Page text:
"Creativity is allowing yourself to make mistakes; Art is knowing which ones to keep."
We’ve all heard or referenced the Heraclitus quote, “The only constant in life is change.” I have long held the belief that creativity, like so much in life, changes as well. Writing, I’ve concluded is an evolutionary process. It was a fascinating observation once I realized this was true. I would love to say this was a “road to Damascus” revelation of my own making, but I cannot. One of my early screenplays was read by a studio Executive who scribbled a note across it that simply said, “There’s too much of you in this story – not interested!”
I was forced to take a long hard look at my story. It took a few years, and many false starts to realize, I was reliving my own life struggles through my creative process, and they were too "on the nose.” I have been writing for many years and find it difficult to look back on material I wrote back in those early days, without thinking it no longer resonates with me. Either for the time and place, experience, or content that I wrote.
I believe writing, particularly fiction writing, is one of the most vulnerable forms of artistic expression. In my process of writing, I have created entire worlds, expressing through visual means the inner lives of my characters. A big part of this creative process requires me to delve into my own experiences to provide the substance of my characters. As a result, there is a raw exposure in displaying my life for public consumption. I believe this is why rejection is honestly the hardest part of writing. It’s as if the criticism stands not only as a statement of my story, but an inditement of my very being. The argument can be made that in the early days, I just lacked maturity. This is partially true, but I hold still that my writing had to evolve to improve.
This wasn't to bury all my past writings, but I won't lie; I considered it; no, in fact, it was to dig into out how much of "me" was in my art. My writing had reflected my own dating life, mental health struggles, and the Evolution of careers or friendships. This was not easy to do but essential in the progression of learning. I found most of my early stories sounded flat and pedestrian. It was hard to admit, but they just weren’t great. They didn’t resonate with me and struck me as limited in scope and wisdom. I was working through my struggles through my art as if my writing were my therapist. I'm not saying this is wrong, but it provided a limited canvas in which to create.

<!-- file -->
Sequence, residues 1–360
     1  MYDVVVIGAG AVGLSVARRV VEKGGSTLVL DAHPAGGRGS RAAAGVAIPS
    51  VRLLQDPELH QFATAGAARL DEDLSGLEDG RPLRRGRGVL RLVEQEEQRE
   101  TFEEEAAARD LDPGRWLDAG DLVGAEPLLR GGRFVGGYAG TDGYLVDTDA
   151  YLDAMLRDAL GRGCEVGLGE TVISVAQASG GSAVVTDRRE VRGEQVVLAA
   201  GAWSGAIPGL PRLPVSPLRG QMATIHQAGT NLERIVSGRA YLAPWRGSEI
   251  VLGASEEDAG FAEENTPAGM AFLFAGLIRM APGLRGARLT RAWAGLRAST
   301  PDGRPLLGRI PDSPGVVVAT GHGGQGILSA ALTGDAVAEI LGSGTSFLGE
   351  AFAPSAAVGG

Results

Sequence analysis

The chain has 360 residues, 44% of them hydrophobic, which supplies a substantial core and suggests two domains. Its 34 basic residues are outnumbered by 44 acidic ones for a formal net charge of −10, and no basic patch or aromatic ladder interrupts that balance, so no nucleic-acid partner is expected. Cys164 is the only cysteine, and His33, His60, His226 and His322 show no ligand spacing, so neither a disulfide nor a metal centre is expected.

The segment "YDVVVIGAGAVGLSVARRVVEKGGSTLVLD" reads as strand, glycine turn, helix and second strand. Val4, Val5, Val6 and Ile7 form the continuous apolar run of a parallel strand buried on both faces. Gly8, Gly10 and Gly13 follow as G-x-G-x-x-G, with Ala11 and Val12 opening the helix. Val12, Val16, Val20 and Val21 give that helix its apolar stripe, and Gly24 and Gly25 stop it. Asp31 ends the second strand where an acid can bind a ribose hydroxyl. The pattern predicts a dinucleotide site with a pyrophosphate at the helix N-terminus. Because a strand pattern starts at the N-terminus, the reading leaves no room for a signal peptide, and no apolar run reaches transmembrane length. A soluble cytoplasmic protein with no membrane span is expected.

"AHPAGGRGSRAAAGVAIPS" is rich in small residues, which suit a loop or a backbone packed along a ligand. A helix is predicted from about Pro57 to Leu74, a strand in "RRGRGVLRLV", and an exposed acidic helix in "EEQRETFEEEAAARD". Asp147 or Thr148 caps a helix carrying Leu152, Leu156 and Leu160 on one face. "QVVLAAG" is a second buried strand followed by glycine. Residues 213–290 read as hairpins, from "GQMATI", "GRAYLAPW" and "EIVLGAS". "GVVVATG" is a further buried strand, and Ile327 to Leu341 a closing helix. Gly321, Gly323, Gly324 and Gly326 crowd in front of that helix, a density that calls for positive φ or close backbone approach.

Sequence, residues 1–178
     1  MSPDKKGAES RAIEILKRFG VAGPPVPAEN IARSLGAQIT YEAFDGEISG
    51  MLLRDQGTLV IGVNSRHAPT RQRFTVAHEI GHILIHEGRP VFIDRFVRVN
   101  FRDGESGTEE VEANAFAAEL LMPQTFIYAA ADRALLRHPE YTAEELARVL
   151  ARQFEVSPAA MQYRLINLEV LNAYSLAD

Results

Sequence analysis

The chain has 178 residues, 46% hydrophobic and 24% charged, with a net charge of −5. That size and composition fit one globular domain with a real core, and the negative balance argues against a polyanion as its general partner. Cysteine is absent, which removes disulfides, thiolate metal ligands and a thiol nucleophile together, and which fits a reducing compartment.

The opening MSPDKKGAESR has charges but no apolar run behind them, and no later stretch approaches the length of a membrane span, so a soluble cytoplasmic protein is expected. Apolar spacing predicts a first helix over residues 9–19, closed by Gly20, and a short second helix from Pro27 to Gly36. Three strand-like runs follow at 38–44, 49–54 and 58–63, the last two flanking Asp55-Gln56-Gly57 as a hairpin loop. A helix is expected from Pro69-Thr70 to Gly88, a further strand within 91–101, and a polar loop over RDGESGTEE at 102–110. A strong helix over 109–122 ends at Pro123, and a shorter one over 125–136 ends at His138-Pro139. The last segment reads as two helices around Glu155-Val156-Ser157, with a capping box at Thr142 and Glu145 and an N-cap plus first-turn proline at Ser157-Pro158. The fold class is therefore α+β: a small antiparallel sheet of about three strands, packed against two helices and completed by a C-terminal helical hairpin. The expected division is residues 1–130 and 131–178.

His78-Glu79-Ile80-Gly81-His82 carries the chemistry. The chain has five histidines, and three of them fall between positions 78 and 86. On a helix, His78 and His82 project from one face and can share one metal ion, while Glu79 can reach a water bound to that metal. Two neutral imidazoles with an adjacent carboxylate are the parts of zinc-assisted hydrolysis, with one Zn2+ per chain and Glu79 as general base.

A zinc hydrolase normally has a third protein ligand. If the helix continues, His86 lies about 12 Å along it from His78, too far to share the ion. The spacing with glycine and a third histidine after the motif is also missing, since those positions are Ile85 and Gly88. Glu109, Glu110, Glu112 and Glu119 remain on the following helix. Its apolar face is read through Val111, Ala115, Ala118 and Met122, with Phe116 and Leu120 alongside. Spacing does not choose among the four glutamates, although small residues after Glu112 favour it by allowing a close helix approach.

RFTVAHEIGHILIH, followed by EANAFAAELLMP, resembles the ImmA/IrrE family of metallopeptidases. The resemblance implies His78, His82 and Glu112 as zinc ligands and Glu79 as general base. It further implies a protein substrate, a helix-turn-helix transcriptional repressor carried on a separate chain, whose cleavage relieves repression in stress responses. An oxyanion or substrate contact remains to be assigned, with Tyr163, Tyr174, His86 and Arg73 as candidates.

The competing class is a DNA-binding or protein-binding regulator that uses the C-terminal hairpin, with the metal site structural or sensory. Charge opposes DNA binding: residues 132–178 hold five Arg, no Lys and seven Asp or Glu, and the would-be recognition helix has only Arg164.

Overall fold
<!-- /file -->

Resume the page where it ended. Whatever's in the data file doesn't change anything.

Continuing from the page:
Over the years, I’ve met many other writers and been with them along their respective writing journeys to see their transformative process on full display. It was refreshing to know; I wasn't alone. In my networking, I noticed that many writers begin by writing what is familiar — digging into the rich context of their own inner lives to tell their stories. I've seen a few writers who remain in this place and "self-identify" with their own story, writing time and time again along with these same themes. There is nothing wrong with that, especially if you've found your unique voice in those words. For me, however, after some time, it felt self-indulgent, perhaps even narcissistic.
It's one of the reasons that I hold that some level of therapy, whether in a group or individual, is an essential aspect of writing. For my part, individual therapy has aided tremendously in my creative process. A voracious appetite for reading books about digging into archetypes and personality groupings: I have taken the Myer’s Briggs personality test and read up on the results to better understand the way my mind is wired.
You’ve heard of the book, “The Seven Habits of Highly Effective People?” Well, using the idea of habits, I decided to come up with seven “editing” habits I would take when writing any story to remove the “me” from the tale. And no, I am not proposing I am a Stephen R. Covey or even a “Highly Effective Person” by any means, but I had just read the book and determined that habits and the number 7 resonated with me.
Over time my writing has matured. I’ve learned to imagine myself in the shoes of my respective characters. I seek out the nuggets of gold in their struggles. I find their emotional arc and bury it behind complex, sensitive content. I have learned to apply my own experiences subversively or, better yet, visualize being the character and moving past the "what would I do in their shoes" application into empathy for their plight or circumstances.
Like anything, there are always exceptions to the rule, and of course, this doesn't apply to every person. But I do believe based on years of my writing and closely observing other writers around me that this is an evolutionary process is real.
Since, as Heraclitus says, “change is constant," my creative journey is far from over. I'm fascinated to see where the next stage takes me. I hope this has helped if you find yourself wondering or wandering in the world of screenwriting. Until then, enjoy the journey and keep on writing.
Screenplay and television writer. Enjoy drama, action, and dark comedies. Looking for collaboration and networking opportunity with fellow writers.
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